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<nettime> Interview with Christopher Kelty: the Culture of Free Software
Geert Lovink on Sun, 24 Aug 2008 14:53:15 +0200 (CEST)


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<nettime> Interview with Christopher Kelty: the Culture of Free Software


On the Culture of Free Software
Interview with Christopher Kelty
By Geert Lovink

It is still rare that anthropologists study modern technology, let  
alone the politics of free software. The Houston-based scholar  
Christopher Kelty, who just moved from Rice University to UCLA, has  
done precisely that. Instead of observing the behavior and codes of  
this professional group of computer engineers, Kelty decided to map  
the social ideas behind free software production. Kelty?s Two Bits,  
The Cultural Significance of Free Software contains a historical  
reconstruction of where the ideas of ?openness? and freedom to change  
code originate. Kelty is not repeating the well-known story about the  
1998 schism between the business-minded open source faction around  
Eric Raymond and the religious free software fighters, lead by  
Richard Stallman. Instead, we get a fascinating time travel, back to  
the pre-PC period of early computing. With the different generations  
of the UNIX operating systems we see how collaborative forms of  
writing software are taking shape?and how the ideas about ownership  
grow with it.

In the 1980s everything revolves around ?open systems?. For me the  
chapter on Conceiving Open Systems was a particular highlight. Kelty  
writes: ??Openness? is precisely the kind of concept that wavers  
between end and means. Is openness good in itself, or is openness a  
means to achieve something else?and if so what? Who wants to achieve  
openness, and for what purpose? Is openness a goal? Or is it a means  
by which another goal?say ?interoperability? or ?integration? is  
achieved?? According to Kelty openness is an unruly concept. ?While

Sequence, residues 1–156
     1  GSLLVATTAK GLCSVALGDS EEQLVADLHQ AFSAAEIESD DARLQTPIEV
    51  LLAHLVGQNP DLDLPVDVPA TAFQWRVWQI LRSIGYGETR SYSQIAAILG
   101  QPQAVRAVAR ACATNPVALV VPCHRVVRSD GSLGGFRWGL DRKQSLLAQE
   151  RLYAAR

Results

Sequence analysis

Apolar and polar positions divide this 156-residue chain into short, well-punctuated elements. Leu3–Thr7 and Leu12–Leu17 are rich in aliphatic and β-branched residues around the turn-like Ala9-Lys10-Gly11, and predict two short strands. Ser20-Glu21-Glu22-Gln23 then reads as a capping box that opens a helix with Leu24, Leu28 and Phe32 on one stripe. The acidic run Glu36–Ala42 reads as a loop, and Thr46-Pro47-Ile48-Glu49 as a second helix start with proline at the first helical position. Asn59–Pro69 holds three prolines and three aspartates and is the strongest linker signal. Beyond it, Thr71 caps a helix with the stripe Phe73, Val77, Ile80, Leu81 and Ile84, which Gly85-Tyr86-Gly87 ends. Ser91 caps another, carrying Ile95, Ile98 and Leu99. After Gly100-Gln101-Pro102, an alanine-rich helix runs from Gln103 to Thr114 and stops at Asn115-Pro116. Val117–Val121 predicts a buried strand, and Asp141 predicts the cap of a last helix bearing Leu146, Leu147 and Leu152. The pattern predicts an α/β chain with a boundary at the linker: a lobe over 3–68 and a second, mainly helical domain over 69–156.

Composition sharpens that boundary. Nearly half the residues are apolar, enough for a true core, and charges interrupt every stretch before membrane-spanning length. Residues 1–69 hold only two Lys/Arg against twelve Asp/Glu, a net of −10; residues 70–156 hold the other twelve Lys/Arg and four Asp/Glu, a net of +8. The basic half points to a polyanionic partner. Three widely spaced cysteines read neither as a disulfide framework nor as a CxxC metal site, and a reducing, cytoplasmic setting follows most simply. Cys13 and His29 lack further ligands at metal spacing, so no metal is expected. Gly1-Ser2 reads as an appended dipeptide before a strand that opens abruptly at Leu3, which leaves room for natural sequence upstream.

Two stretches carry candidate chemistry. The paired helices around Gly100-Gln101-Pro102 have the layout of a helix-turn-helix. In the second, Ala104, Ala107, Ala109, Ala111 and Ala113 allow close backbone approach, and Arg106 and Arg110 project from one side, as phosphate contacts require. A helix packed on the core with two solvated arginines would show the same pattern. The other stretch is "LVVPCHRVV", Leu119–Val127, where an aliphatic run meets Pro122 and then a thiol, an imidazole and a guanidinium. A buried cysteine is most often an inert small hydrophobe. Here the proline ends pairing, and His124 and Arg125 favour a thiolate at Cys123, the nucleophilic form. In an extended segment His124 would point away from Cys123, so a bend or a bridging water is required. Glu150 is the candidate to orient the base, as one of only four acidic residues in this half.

free tends towards ambiguity (free as in free speech, or free as in  
free beer?), open tends toward obfuscation. Everyone claims to be  
open, everyone has something to share, everyone agrees that being  
open is the obvious thing to do.?

Two Bits is accessible and a pleasure to read, but it is not  
particularly theoretical, nor critical for that matter. No critiques  
here of the inward-looking geek nature of free software, the lack of  
a counter economy and therefore a much larger dependency on large IT  
corporations for jobs and income than necessary, and the dominance of  
the conservative-libertarian pop ideology within open source/free  
software circles (see www.slashdot.org). What Christopher Kelty does  
provide us with is an interesting first 80 pages in which he  
describes his wanderings through Berlin in the days of Mikro e.V. and  
WOS (2001), Bangalore and Boston. Out of these encounters with new  
media culture he filters a few concepts that are worth  taking up  
elsewhere. The first one is ?recursive publics?. Recursive not only  
points at making, maintaining and modifying, but also at the depth of  
the technical and legal layers. ?Geeks argue about technology, but  
they also argue through it. They express ideas, but they also express  
infrastructures through which ideas can be expressed in new ways.?